Options to Manage the Growth in the Disability Insurance Rolls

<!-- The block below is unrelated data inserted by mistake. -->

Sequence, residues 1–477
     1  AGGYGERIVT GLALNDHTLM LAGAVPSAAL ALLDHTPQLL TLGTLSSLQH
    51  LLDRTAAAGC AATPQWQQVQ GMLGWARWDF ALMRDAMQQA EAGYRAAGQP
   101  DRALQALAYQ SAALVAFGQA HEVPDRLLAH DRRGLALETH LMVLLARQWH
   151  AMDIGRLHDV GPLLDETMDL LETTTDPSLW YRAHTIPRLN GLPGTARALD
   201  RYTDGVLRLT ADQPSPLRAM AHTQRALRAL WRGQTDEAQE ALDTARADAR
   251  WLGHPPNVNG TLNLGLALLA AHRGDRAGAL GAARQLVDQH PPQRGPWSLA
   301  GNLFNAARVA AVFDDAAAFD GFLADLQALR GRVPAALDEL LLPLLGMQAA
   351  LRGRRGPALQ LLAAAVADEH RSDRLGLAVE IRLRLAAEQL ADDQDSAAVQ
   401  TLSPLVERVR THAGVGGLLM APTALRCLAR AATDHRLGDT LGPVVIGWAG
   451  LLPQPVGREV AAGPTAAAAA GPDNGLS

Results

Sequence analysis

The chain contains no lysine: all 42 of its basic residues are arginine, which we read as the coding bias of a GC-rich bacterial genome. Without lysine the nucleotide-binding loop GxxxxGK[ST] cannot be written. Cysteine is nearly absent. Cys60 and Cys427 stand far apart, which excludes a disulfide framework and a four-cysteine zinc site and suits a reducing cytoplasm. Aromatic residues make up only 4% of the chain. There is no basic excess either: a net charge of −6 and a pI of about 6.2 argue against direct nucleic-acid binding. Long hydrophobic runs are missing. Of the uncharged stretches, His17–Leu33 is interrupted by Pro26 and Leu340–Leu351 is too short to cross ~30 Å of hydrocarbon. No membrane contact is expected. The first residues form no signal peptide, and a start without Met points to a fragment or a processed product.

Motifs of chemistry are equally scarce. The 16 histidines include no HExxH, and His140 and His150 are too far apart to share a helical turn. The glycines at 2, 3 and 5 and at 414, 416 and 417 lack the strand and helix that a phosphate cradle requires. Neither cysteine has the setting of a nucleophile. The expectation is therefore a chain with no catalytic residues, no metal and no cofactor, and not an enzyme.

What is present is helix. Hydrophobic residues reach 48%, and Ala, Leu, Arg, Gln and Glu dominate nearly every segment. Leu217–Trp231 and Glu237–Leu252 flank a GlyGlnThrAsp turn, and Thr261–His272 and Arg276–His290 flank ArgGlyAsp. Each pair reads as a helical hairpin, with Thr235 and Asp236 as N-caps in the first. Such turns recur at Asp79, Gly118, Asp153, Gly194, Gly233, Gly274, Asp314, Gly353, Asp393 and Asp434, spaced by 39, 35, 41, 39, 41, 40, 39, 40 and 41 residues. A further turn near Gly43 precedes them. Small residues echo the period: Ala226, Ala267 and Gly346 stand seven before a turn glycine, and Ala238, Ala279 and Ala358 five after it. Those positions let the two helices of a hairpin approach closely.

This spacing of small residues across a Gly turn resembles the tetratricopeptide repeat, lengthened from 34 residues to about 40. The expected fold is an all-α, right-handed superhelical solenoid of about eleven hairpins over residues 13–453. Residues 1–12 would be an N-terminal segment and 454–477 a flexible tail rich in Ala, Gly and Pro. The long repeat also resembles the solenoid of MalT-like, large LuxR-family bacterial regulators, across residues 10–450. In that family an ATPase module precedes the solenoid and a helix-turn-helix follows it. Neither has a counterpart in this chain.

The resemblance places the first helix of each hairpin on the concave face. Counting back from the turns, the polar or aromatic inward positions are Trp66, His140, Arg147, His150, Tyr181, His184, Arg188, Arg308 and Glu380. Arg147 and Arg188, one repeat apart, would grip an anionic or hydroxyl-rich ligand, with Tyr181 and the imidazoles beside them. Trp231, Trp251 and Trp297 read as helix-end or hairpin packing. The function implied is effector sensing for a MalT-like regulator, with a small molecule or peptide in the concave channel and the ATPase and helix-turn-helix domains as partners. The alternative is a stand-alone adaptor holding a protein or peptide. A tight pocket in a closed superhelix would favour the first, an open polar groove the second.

January 23, 2015 Options to Manage the Growth in the Disability Insurance Rolls Social Security Disability Insurance (SSDI) provides benefits to nonelderly workers with certain disabilities and to their eligible dependents. As in Old-Age and Survivors Insurance (OASI)—Social Security’s retirement program— benefits are based on a worker’s past earnings. In December 2014, SSDI provided disability insurance to more than 151 million people and paid benefits to about 9 million disabled workers and 2 million of their spouses and children. To qualify, individuals must have worked and paid Social Security taxes for a certain number of years and be unable to engage in substantial gainful activity (SGA) due to a severe mental or physical impairment that is expected to last for at least one year or result in death. In 2015, the monthly SGA earnings limit for most individuals is $1,090. In general, disabled workers must be unable to do any kind of substantial work, taking into account age, education, and work experience. In December 2014, the average benefit for a disabled worker was $1,165. For spouses and children of disabled workers, the monthly benefit averaged $315 and $349, respectively. Disabled workers and certain dependents are also eligible for Medicare after a two-year waiting period. SSDI is financed primarily by a 1.8% payroll tax on employers and employees, which is part of the total 12.4% Social Security payroll tax; the other 10.6% finances OASI. Program Growth SSDI has grown markedly: Between 1980 and 2013, the number of beneficiaries increased from 4.7 million to 11.0 million, mostly because the number of disabled workers grew. In 1980, 2.1% of working-age adults (aged 20-64) were disabled workers; in 2013, 4.4% were. The cause of some of this growth is clear—for example, the population grew and aged, more women worked enough to be eligible for SSDI, and the Great Recession increased applications from unemployed workers. However, the cause of a portion of this growth remains unclear. Figure 1 shows disabled-worker beneficiaries as a share of the population eligible for benefits. The dotted line reflects only non-demographic factors, including (1) changes in opportunities for work and compensation (e.g., slow wage growth for low-skilled workers and high unemployment); (2) changes to federal policy that made it easier for some people to qualify for SSDI; and (3) the rise in Social Security’s full retirement age, which reduced retirement benefits and made SSDI relatively more valuable. The solid line also reflects the aging of baby boomers into more disability-prone years. (More women worked enough to be eligible for SSDI. That contributed to growth in both the number of beneficiaries and the number of people eligible for SSDI, so its effects are not reflected in Figure 1.) Figure 1. Percentage of Eligible Workers on SSDI 7% 6% Actual 5% 4% 3% Adjusted for Aging Population 2% 1% 0% 1980 1988 1996 2004 2012 Source: 2014 Social Security Trustees Report, Figure V.C6. Program Challenges The growth in SSDI has generated concern among Members of Congress and the public for two main reasons. Short-Term Financing Shortfall First, it has contributed to the declining solvency of the program’s Disability Insurance (DI) trust fund, from which SSDI benefits are paid. Outlays have exceeded income since 2009, causing the DI trust fund to shrink. It is expected to be exhausted by the end of 2016, after which taxes would be sufficient to pay about 80% of scheduled benefits. The resulting benefit cut would adversely affect one of the country’s most vulnerable populations. Avoiding exhaustion would require cash infusions to the DI trust fund. For example, Congress could allocate a larger share of the 12.4% Social Security payroll tax to the DI trust fund (as was done most recently in 1994) or authorize borrowing from the OASI trust fund or Medicare’s Hospital Insurance (HI) trust fund. With fewer than two years until trust fund exhaustion, even policies to reduce the number of beneficiaries (described below) would not notably forestall exhaustion. Long-Term Program Growth Second, employment rates of working-age individuals with disabilities have declined. Over the past 30 years, the employment rate among individuals (aged 21-64) who report a work-limiting disability has fallen from 24.4% in www.crs.gov | 7-5700 Options to Manage the Growth in the Disability Insurance Rolls 1981 to 14.4% in 2013, a decline that cannot be adequately explained by health or economic factors. organizations, researchers, and the Administration all support increasing CDR funding. Some research suggests that unemployed individuals with disabilities are increasingly more likely to apply for SSDI “rather than search for employment that would accommodate their disabilities.” Once on SSDI, most disabled workers are unlikely to return to the labor force; for example, in 2013, 0.4% of all beneficiaries left the rolls due to work. Some believe that declining labor force participation promotes dependency and discourages selfsufficiency among working-age individuals with disabilities. Time Limit Benefits. Another option is to limit the benefits of all newly approved beneficiaries to a specified period. Time limiting benefits would partially shift the burden of proof in determining disability from SSA to the beneficiary. This option could be applied to all beneficiaries or restricted to those with less severe conditions. Previous Legislative Efforts In recent years, reforms have focused mostly on providing current beneficiaries with incentives to return to work. In 1999, Congress created the Ticket to Work (TTW) program, which entitles beneficiaries to rehabilitation and reemployment support. TTW also extended Medicare coverage for beneficiaries who return to work and made it easier for people to return to SSDI after stints of work. However, few beneficiaries have participated in TTW, and it has had little effect on reemployment rates. Policy Options to Limit Growth Tighten Eligibility Criteria. Tightening eligibility requirements would reduce the number of individuals on the program who could work, but it would also prevent some who cannot work from receiving support. Deciding which disabilities are truly work limiting is difficult. As Henry Aaron, chair of the Social Security Advisory Board, summarized, “the challenge for society is to choose a definition that best balances its willingness to award benefits to some people who do not ‘deserve’ them and to deny benefits to some who do.” One option is to limit eligibility for SSDI to those under age 62, when workers are eligible for Social Security retirement benefits. Proponents contend that some people use SSDI “as an early retirement program.” Opponents argue that many older people have little capacity to work. Another option is to increase the “recency of work” requirement. Currently, individuals must have worked for at least five of the past 10 years to qualify for benefits. Increasing the requirement to four of the past six years would reduce the number of beneficiaries by roughly 4%. A third option is to adjust “vocational factors,” adjustments to disability criteria that make it easier for older people to qualify. Raising the ages at which those factors apply would make it more difficult for older workers to qualify. Increase Reviews of Current Beneficiaries. Periodic continuing disability reviews (CDRs) end benefits for recipients found to have recovered from their disabilities. The Social Security Administration (SSA) estimates that each dollar spent on CDRs reduces future benefits by more than $10. However, funding limitations have resulted in a CDR backlog of about a million cases. Advocacy Make Appeals Adversarial. This option would grant SSA representation at appeals hearings. When applications are denied, claimants may appeal to administrative law judges (ALJs). Most applicants hire a legal representative for an appeal. Proponents argue that having SSA representation at hearings would result in better decisions and greater judicial consistency. Opponents contend that the informal nature of hearings and lack of cross-examination of claimants encourages them to share more information. Return-to-Work Incentives. Another option is to provide stronger incentives for beneficiaries to return to work. Currently, SSA allows beneficiaries to participate in a trial work period (TWP), during which they may earn any amount for nine months with no benefit reduction. SSA also provides employment services. Still, few beneficiaries permanently leave the program. Some beneficiaries deliberately “park” their earnings below the SGA threshold. To encourage work, several disability-rights organizations advocate replacing the strict SGA limit with a gradual reduction in benefits as workers earn more. SSA is currently conducting a Benefit Offset National Demonstration (BOND) project, in which participants lose $1 in benefits for every $2 in earnings over the SGA limit. Early Interventions. Given the limited success of returnto-work efforts, several researchers have suggested focusing more on preventing people from joining SSDI in the first place. “Supported-work” policies would provide services shortly after disability onset, when workers still have a strong attachment to the labor force. “Experience rating,” which would link an employer’s tax rates to past SSDI claim rates, could be one way to encourage employers to provide such services and limit their employees’ enrollment in SSDI. Opponents argue that the policy could backfire by making employers hesitant to hire workers at high risk for disability and that the policy fails to address the incentives for workers to apply for SSDI. Another option is to promote or require employersponsored private disability insurance (PDI), which provides partial wage replacement and other return-to-work services. By intervening with robust employment supports early in the disability process, PDI may keep workers with disabilities attached to the labor force. For additional information, see CRS Report R43054, Social Security Disability Insurance (SSDI) Reform: An Overview of Proposals to Manage the Growth in the SSDI Rolls, by William R. Morton. William R. Morton, wmorton@crs.loc.gov, 7-9453 www.crs.gov | 7-5700 IF10053